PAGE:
I have just returned from the mighty International Beatleweek 2017, so here are a few images of Beatlemania to ease myself back into the real world.
Harvest, UK, 1970
Cover design and photography: Hipgnosis
Entropy…. Did I say that out loud? Transformation, unpredictability, a slide into disorder: so begins hard rocking progsters Quatermass’s self-titled 1970 album. The band,of course, took its name from Nigel Kneale’s fictional professor and star of ’53’s seminal The Quatermass Experiment and the artwork is clearly inspired by the dark, claustrophobic atmosphere of the series.
Quatermass was recorded at EMI’s Abbey Road studios but – you guessed it – had very little impact on the habits of the record-buying public of May ’70. Comprised of experienced beat/pop/session musicians, who’d been selling their wares in various forms since the early ’60s, Quatermass’s Johnny Gustafson (The Big Three, The Merseybeats), Mick Underwood (The Herd, Episode Six) and J Peter Robinson (later a very successful film score composer) embraced this here new-fangled prog with open arms on this, their only album.
Quatermass is also remembered as the band that inadvertently caused Ritchie Blackmore to leave Deep Purple. His band mates’ refusal to cover their song, ‘Black Sheep Of The Family’, on the Purple’s Stormbringer caused a rift from which they never recovered.
Harvest, EMI’s “progressive” imprint, brought in the top guns to illustrate these new experimentations in the form of Hipgnosis’s Storm Thorgerson and Aubrey Powell. The darlings of ’70s art house album cover design, Hipgnosis’s technique often focussed on off-beat photography and inventive post-production image manipulation. (Did they invent Photoshop? They kinda did.) The team preferred a medium format Hasselblad camera, ideally suited to the square album cover, although in this case it’s likely they took a square photo and cut it to gatefold size afterwards.
The gatefold outer cover itself is a photograph – or possibly a composite – of office buildings, taken from a low angle against the sky; narrow tall buildings encroaching on the viewer. Aubrey Powell described how the image came about. “This was totally Storm’s idea, although we took the pictures together near Victoria Station. Our insecurity was such that we often did this to cheer each other up in the knowledge that we were no David Bailey or Richard Avedon.”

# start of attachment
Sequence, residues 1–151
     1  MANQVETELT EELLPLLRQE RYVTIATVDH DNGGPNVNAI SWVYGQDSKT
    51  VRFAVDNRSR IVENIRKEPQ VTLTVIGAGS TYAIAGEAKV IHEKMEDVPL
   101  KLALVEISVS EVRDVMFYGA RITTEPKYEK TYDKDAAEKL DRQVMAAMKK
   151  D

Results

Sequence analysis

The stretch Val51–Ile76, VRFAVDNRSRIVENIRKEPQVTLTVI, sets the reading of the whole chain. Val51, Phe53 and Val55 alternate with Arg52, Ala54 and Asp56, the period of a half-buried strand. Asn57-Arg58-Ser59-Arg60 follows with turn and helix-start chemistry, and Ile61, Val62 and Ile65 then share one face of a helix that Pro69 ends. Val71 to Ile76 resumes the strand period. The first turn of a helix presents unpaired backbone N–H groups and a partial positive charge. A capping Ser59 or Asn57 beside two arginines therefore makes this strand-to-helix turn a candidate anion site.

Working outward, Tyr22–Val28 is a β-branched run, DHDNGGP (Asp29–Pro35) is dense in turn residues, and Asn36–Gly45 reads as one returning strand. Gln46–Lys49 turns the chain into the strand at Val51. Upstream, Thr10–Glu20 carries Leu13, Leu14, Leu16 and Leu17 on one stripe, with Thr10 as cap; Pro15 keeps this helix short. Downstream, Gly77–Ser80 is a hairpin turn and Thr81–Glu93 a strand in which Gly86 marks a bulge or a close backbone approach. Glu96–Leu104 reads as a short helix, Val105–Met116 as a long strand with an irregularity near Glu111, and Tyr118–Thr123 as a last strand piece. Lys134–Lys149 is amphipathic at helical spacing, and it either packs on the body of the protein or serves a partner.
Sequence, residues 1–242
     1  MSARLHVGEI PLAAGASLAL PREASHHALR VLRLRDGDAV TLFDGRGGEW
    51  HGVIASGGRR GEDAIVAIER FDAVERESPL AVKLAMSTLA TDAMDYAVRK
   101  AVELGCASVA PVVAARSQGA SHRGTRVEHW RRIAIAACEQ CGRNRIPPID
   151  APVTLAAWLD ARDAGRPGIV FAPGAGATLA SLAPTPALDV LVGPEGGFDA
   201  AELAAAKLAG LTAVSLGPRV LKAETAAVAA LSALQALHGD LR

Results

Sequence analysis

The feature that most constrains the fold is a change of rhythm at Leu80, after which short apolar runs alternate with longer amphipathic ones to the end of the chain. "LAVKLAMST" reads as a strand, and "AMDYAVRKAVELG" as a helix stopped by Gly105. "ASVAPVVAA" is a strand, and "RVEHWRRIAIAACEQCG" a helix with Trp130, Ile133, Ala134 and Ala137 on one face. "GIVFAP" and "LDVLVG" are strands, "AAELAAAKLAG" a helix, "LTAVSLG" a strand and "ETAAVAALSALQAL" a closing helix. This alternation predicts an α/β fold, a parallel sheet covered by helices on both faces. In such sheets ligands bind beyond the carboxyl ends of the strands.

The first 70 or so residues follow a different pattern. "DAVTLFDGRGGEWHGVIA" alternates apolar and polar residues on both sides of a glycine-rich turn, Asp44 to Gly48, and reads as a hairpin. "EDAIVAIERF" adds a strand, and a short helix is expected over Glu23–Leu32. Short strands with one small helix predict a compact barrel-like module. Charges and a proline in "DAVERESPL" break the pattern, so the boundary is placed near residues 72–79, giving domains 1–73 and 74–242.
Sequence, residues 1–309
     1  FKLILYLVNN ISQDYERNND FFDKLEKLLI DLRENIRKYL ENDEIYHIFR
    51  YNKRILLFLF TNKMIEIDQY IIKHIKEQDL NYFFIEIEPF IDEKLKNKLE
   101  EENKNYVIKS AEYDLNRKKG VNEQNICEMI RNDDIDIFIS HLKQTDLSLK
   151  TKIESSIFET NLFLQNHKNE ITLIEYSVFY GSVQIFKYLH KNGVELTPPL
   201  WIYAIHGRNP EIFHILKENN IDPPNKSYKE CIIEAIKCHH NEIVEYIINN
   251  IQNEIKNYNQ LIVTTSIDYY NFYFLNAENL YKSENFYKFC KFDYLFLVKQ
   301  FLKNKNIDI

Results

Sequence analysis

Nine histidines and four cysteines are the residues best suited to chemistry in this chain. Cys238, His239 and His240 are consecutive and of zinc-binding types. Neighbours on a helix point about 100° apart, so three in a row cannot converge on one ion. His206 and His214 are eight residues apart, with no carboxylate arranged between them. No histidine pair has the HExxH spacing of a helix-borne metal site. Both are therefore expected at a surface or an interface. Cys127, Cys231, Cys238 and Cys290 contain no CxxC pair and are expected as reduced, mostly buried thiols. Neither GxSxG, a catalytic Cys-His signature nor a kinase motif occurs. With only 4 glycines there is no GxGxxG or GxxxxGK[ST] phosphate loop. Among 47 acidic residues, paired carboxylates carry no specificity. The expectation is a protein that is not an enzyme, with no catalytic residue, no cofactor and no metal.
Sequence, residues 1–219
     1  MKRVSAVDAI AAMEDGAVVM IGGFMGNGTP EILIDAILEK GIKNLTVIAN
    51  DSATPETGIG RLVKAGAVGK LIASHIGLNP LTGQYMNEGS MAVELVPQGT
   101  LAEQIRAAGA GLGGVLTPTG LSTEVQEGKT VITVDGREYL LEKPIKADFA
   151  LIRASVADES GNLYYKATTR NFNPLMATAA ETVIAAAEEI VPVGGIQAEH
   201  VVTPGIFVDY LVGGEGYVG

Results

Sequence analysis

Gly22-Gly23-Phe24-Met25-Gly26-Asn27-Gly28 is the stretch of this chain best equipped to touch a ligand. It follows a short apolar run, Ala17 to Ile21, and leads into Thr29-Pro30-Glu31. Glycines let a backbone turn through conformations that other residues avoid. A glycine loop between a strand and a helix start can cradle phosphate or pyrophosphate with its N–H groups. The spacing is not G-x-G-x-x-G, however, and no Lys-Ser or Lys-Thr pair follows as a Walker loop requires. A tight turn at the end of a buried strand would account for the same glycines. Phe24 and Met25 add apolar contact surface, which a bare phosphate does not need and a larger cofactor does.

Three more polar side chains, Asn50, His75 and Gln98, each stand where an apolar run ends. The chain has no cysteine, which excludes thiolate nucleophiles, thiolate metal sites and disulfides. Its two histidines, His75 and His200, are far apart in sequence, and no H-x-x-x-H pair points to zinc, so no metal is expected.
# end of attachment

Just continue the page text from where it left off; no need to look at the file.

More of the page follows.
The album cover followed the TV series and made full use of an eerie and somewhat menacing monochrome look; a mood accentuated by the pterodactyls (our resident dino-expert tells us they’re actually pteranodons) circling above the viewer’s head. The flying lizards were images found by Thorgerson and Powell in a book, cut out and glued onto the background, low tech Blue Peter-style.
The repeated geometric pattern of the towering buildings, coupled with the swooping creatures stretching up as far as the eye can see, has a dizzying yet strangely pleasing effect.
The outer sleeve isn’t exactly overflowing with info or excessive typefaces – “Quatermass” is stated simply in a plain Letraset font (the ubiquitous Eurostile Extended), referring to both band and title. The plain typefaces continue on the inside of the gatefold. No fancy pants photography from the Hipgnosis guys here – a straightforward portrait of the trio set against a stuccoed building suffices. Heads emerging from the bottom of the cover, Quatermass present a unitedly serious and slightly forbidding front. No smiles, please, it’s the ’70s now.
Quatermass then bears a lot of the hallmarks of your archetypal ’70s Hipgnosis album design – the gatefold sleeve, the off-beat photography, the cut and paste post-production. The result is stylish, quirky and a little bit bodeful, and as such fits in perfectly with the mood conveyed on the ensuing album.
Vinyl. Album. Cover. Art: The Complete Hipgnosis Catalogue is published by Thames & Hudson
Gitte Morten © 2017.
This article was published in Shindig! Magazine, July 2017.
Psychedelic sci-fi is here to stay.
Just came across these beautiful and moving photographs by Martin Usborne, a photographer working in London.
He describes the series: "I was once left in a car at a young age. I don’t know when or where or for how long, possibly at the age of four, perhaps outside a supermarket, probably for fifteen minutes only. The details don’t matter. The point is that I wondered if anyone would come back. The fear I felt was strong: in a child’s mind it is possible to be alone forever.
Around the same age I began to feel a deep affinity with animals – in particular their plight at the hands of humans. I saw a TV documentary that included footage of a dog being put in a plastic bag and being kicked. What appalled me most was that the dog could not speak back.
I should say that I was a well-loved child and never abandoned and yet it is clear that both these experiences arose from the same place deep inside me: a fear of being alone and unheard.
When I started this project I knew the photos would be dark. In a sense, I was attempting to go back inside my car, to re-experience what I couldn’t bear as a child. What I didn’t expect was to see so many subtle reactions by the dogs: some sad, some expectant, some angry, some dejected. It was as if upon opening up a box of grey-coloured pencils I was surprised to see so many shades inside.
There is life in the darkest places inside us."
See more on his website
A couple of new ones in the long-running series following just what Janine gets up to
You can see all the photos in this series here
What to do, what to do…